Stuart 2 stroke

Discussion in 'Identification' started by marshall, Nov 9, 2011.

  1. smenkhare

    smenkhare New Member

    Yes, indeed, I did not expect to see another. Steve and others on the stinfo forum spent a lot of time trying to identify it, eventually being convinced that it was a P3 but that did not explain the unfinished castings. The W2 looks much more convincing.
    I'll get some photos done to show you what I've done up to now.
    Have fun,

    Jim.
     
  2. smenkhare

    smenkhare New Member

    Right, let's try to upload some pics from photo bucket:


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    My W2 December 2011


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    My W2 The carb fixing


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    My W2 side view


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    My W2 the flywheel fixing


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    My W2 the other side of the carb


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    My W2 the cylinder head nuts and water outlet


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    My W2 the lower water inlet


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    My W2 The Lucas MA1 carb (in work)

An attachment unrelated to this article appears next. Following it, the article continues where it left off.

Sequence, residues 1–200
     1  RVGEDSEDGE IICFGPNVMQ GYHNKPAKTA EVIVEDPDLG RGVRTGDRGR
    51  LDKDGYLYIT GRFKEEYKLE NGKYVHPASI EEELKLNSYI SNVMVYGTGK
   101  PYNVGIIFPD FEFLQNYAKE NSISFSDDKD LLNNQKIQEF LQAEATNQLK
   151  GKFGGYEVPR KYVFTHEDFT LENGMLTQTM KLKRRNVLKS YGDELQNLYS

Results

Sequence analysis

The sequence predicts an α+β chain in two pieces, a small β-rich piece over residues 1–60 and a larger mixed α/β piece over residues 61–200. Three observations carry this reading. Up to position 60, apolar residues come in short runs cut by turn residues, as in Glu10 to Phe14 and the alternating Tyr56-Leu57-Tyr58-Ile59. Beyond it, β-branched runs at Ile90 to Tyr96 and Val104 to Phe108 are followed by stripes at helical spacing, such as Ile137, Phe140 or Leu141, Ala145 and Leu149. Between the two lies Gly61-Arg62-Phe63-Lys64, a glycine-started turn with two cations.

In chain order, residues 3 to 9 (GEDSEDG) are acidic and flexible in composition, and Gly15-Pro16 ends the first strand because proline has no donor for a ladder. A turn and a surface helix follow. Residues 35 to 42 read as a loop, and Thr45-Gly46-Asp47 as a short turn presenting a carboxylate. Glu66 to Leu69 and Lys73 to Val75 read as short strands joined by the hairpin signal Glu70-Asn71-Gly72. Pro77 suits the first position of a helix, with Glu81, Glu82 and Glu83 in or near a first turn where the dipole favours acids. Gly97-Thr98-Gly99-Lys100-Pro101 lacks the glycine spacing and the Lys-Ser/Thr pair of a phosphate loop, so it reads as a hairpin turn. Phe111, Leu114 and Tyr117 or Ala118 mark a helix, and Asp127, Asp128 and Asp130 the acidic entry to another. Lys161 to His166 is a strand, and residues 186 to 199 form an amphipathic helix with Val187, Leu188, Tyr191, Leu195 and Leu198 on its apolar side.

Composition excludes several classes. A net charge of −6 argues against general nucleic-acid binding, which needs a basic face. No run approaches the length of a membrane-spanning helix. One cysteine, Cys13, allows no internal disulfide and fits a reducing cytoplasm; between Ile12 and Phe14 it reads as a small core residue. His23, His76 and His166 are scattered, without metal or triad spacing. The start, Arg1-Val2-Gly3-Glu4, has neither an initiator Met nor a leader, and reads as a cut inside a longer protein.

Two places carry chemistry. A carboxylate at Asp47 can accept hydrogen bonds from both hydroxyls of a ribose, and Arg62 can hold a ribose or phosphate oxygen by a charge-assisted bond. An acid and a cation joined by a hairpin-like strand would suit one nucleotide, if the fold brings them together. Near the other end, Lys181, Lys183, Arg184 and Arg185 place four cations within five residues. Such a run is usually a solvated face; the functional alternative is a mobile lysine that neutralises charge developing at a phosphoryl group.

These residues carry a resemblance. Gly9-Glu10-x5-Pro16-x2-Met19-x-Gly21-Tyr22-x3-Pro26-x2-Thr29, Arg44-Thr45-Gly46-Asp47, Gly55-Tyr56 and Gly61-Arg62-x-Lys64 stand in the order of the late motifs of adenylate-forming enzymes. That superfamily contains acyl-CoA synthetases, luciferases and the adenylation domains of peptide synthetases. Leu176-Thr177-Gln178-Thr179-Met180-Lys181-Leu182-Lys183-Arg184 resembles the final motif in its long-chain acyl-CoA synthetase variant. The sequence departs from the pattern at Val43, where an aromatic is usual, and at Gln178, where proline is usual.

I hope the titles come through with the photos!
    They didn't, I had to edit them in manually. Surely there is a better App than this (it can't be worse!)
    Anyway, I hope you like the picture and that they are of some help to you, Matt. Any comments would be most welcome.

    Jim.

    Jim
     
  3. Numpty1

    Numpty1 Member

    Jim,

    Just in case you had any lingering doubts, that is definitely a W2.

    It appears you have got the carb and exhaust transposed. Not sure if it would run this way round? You would have to turn the piston round. I cant remember at the moment which is the right way for the inlet, step or slope? No doubt Roland or Steve will be along with the right answers. A lot depends on the port positions and the position of the transfer port. Looks to me like thats on the other side. That lovely adaptor could still be used to link into the silencer if it has to be the other way round!

    Shame about the cap screws, surely studs and nuts would fit?

    Mark
     
  4. smenkhare

    smenkhare New Member

    Hi, Mark, Yes I am convinced. In fact, during earlier discussions, we were fairly sure it was a W2 but an accepted expert said it was a P3. Yup, I'll have to turn the piston round but that's no big deal.
    The adapter came with it, which is why I set it up that way.